Did you know that one of the greatest hockey players of all time was never drafted? Yes, it's true -- Wayne Gretzky was never drafted! Here's the story.
In 1978, it was becoming evident that Wayne Gretzky was going to be a superstar. Even though he was not selected by the first two teams in the 1977 Ontario Major Junior Hockey League Midget draft (in lieu of Tom McCarthy and Steve Peters), he was a highly regarded youth player, having scored 72 points with the Junior B Toronto Nationals at the age of 15 - in just 28 games!
Luckily, the Sault Ste. Marie Greyhounds selected him with their third pick, and Gretzky went on to score 182 points for them in the 1977-78 season as a 16/17 year old, though he lost the scoring crown to 19/20-year old Bobby Smith who finished with 192 points.
Gretzky wanted to play at a higher level of hockey than Major Junior, yet it would be four more years before he would be eligible to be drafted by, or play in the NHL -- 1981. He expressed frustration at this fact during the 1978 World Junior Championships, and stated that he could perhaps play professionally in Sweden while waiting for his NHL eligibility to come about, though a day later he claimed he had been misquoted.
It was still apparent that Gretzky was not happy. His ice time had been reduced by ten minutes per game when Paul Theriault replaced Muzz MacPherson as coach of the Greyhounds mid-season. He was struggling with his school work, and was not happy with his treatment by some unnamed teammates. Gretzky said that he would prefer to play for another OMJHL team - perhaps one closer to his home in Brantford, or he might even return to play Junior B hockey. The OMJHL quickly nixed those options, and told the press that Gretzky's only option outside Junior A was University Hockey -- and then noted that he was not ready academically for that route.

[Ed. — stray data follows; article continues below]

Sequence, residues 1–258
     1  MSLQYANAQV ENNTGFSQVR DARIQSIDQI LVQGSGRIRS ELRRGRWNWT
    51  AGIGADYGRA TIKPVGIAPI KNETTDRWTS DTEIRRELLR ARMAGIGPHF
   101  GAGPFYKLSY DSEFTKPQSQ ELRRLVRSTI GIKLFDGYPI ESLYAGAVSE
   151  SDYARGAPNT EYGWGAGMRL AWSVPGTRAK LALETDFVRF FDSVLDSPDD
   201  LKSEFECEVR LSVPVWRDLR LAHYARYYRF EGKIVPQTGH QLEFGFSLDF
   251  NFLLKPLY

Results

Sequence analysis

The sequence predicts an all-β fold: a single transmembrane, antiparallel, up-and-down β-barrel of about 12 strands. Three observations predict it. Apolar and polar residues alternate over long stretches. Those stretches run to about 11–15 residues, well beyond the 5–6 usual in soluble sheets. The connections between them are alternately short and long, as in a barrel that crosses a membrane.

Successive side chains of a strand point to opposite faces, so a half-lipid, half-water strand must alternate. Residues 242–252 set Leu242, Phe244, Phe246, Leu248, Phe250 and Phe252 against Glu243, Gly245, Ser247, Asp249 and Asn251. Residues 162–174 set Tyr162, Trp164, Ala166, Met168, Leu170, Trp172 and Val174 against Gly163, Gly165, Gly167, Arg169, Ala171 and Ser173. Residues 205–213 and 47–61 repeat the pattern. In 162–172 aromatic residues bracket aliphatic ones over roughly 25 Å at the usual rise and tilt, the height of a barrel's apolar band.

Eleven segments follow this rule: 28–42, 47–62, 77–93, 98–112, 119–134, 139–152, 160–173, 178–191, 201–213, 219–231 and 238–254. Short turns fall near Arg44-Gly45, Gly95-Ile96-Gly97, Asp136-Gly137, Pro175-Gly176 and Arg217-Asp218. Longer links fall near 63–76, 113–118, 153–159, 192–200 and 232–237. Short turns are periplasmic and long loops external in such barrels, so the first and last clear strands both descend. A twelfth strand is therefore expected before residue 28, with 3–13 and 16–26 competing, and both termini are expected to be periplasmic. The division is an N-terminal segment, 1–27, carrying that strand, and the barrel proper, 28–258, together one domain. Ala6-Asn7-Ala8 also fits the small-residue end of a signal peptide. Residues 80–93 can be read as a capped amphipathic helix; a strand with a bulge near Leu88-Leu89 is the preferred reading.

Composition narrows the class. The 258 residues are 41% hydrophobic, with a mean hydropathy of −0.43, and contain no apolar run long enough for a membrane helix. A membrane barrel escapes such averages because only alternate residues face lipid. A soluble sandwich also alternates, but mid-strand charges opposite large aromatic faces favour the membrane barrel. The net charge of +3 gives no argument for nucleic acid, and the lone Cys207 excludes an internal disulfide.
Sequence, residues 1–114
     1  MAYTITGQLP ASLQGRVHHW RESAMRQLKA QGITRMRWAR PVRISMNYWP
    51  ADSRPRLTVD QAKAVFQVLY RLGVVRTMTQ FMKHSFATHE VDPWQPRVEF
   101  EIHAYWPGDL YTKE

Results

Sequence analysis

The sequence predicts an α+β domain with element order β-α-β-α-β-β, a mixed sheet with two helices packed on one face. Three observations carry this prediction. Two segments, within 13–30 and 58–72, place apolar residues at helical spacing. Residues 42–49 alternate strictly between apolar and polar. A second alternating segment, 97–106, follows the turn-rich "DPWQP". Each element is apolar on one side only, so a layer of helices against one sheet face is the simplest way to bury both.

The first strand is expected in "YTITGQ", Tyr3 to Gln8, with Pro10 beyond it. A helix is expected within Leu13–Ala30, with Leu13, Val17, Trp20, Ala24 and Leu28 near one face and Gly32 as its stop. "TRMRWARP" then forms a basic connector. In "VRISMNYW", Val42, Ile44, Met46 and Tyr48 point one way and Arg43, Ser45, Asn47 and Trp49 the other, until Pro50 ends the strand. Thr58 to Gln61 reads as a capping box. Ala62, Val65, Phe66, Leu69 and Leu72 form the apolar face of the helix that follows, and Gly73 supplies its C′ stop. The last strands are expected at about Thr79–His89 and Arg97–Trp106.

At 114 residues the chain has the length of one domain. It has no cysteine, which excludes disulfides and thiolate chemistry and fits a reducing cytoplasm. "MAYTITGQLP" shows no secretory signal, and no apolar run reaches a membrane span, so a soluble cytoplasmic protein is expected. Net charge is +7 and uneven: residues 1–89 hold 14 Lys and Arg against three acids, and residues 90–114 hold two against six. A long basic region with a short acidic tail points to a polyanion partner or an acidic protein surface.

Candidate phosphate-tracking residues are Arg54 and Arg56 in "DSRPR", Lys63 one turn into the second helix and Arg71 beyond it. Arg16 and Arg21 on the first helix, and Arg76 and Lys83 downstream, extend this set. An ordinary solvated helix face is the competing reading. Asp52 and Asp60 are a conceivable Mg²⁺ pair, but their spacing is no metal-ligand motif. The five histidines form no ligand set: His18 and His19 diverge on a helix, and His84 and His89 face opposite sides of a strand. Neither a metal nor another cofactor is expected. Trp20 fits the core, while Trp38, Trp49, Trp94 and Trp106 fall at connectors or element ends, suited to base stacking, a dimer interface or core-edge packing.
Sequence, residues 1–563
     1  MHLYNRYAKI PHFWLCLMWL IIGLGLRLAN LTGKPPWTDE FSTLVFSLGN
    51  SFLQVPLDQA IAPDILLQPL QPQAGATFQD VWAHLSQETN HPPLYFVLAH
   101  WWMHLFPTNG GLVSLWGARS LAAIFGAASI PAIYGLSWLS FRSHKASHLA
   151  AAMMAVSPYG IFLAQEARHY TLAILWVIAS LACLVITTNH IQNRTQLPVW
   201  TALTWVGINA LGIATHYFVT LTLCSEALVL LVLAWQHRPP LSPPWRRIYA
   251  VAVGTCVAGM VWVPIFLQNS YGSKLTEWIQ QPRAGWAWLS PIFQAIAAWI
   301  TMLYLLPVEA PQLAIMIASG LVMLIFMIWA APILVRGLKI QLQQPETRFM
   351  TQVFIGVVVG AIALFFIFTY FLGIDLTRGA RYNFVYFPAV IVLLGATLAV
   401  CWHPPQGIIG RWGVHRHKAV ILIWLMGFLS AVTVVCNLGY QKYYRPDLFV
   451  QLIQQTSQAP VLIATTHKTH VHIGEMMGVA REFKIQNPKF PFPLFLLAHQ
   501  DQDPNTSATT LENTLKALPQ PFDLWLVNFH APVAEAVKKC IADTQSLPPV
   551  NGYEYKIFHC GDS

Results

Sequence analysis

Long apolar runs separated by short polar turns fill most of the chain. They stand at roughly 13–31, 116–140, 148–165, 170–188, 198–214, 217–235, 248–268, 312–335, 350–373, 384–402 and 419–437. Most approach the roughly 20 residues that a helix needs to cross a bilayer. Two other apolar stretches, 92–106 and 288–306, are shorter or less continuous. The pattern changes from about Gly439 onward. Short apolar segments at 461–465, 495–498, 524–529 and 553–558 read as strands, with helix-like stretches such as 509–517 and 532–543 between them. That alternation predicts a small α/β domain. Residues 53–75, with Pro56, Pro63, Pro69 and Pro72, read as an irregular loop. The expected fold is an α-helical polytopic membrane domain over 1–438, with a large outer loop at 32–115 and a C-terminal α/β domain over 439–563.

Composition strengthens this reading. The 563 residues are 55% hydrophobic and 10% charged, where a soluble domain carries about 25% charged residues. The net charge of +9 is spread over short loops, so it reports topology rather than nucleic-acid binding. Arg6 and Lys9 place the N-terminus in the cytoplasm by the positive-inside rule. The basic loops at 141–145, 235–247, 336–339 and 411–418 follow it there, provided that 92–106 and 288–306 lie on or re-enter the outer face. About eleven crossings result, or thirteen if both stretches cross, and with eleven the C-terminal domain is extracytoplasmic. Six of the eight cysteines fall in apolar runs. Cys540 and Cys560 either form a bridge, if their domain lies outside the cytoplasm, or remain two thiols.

In the late 1970's, the World Hockey Association was in direct competition with the National Hockey League. One of the tactics that some WHA teams had settled on was to draft and sign players who were under the NHL's minimum age of 20 years old. This allowed younger players like Ken Linseman and Gordie Roberts to play professionally before NHL teams were even allowed to secure their rights.
With Gretzky's desire to play professionally, and the WHA in the final rounds of a decimating battle against the NHL coupled with the league's laissez-faire policy against signing junior players, it was no surprise that by late April 1978, Gretzky's agent was floating the possibility of him playing in that renegade league.
On June 12, 1978, Nelson Skabania of the Indianapolis Racers announced that he had signed Wayne Gretzky to a 7-year, $1.75 million personal services contract (as opposed to a standard hockey contract). Reactions were extreme -- Jim McAuley of the Greyhouds even called for governmental intervention to the WHA's practice. But the deal was done, Greztky was a Racer.
The summer of 1978 saw much speculation over what would happen to Gretzky if the WHA went ahead with plans to merge with the NHL -- the NHL was adamant about its rule preventing players from joining the league until they were 20 years old. This problem did not materialize, because for the second straight year the WHA/NHL merger talks failed to produce results, and the WHA was back on for 1978-79.
Gretzky played just 8 games for the Racers before the team, in financial trouble, sold his contract to the Edmonton Oilers. Peter Pocklington assumed Gretzky's contract, and later extended it to a ten-year deal.
When the WHA/NHL merger (officially termed an NHL expansion) was finally approved in March, 1979, each WHA team was allowed to claim two players from their WHA roster. Gretzky was the obvious choice of Edmonton, and thus he moved to the NHL without ever being drafted.